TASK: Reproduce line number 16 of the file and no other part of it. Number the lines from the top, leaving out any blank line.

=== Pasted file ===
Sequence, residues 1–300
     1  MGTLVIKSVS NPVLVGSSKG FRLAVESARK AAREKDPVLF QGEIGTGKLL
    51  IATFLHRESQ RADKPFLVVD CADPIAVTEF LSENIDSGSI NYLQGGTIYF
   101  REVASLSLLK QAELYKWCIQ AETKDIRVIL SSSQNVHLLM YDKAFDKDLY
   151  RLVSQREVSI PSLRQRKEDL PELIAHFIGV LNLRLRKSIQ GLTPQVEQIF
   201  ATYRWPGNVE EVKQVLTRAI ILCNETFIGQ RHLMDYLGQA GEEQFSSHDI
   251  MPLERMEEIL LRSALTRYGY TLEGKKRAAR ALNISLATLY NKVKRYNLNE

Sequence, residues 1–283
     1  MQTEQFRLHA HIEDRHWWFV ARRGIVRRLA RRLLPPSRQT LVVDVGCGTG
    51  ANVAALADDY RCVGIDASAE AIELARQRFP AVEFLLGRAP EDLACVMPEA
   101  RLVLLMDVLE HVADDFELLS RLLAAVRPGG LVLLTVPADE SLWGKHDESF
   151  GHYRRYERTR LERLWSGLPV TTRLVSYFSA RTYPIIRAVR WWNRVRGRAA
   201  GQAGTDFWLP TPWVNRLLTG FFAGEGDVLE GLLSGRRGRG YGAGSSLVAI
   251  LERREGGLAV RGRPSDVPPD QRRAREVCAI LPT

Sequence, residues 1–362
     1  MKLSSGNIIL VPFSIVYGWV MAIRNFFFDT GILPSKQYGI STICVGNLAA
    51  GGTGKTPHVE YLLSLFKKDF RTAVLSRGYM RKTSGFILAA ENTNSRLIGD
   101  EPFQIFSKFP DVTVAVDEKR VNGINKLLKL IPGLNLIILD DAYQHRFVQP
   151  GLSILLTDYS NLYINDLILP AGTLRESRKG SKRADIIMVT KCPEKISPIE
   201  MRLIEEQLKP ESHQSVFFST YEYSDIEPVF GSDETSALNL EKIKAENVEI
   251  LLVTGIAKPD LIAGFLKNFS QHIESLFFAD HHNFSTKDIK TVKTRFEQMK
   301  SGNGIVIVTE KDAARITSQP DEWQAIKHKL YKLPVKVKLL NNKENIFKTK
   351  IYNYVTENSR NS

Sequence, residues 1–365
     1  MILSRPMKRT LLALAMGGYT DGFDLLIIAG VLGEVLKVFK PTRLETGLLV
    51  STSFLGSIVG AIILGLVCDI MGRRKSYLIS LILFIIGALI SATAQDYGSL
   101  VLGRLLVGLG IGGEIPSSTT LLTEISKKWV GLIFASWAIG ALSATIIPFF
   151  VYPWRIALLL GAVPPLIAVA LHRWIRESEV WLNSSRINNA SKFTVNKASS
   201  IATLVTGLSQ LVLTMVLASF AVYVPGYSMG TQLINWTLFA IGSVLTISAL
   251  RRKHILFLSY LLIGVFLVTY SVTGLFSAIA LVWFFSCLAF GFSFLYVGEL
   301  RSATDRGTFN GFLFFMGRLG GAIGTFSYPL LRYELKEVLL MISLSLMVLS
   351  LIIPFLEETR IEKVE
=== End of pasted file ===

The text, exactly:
     1  MKLSSGNIIL VPFSIVYGWV MAIRNFFFDT GILPSKQYGI STICVGNLAA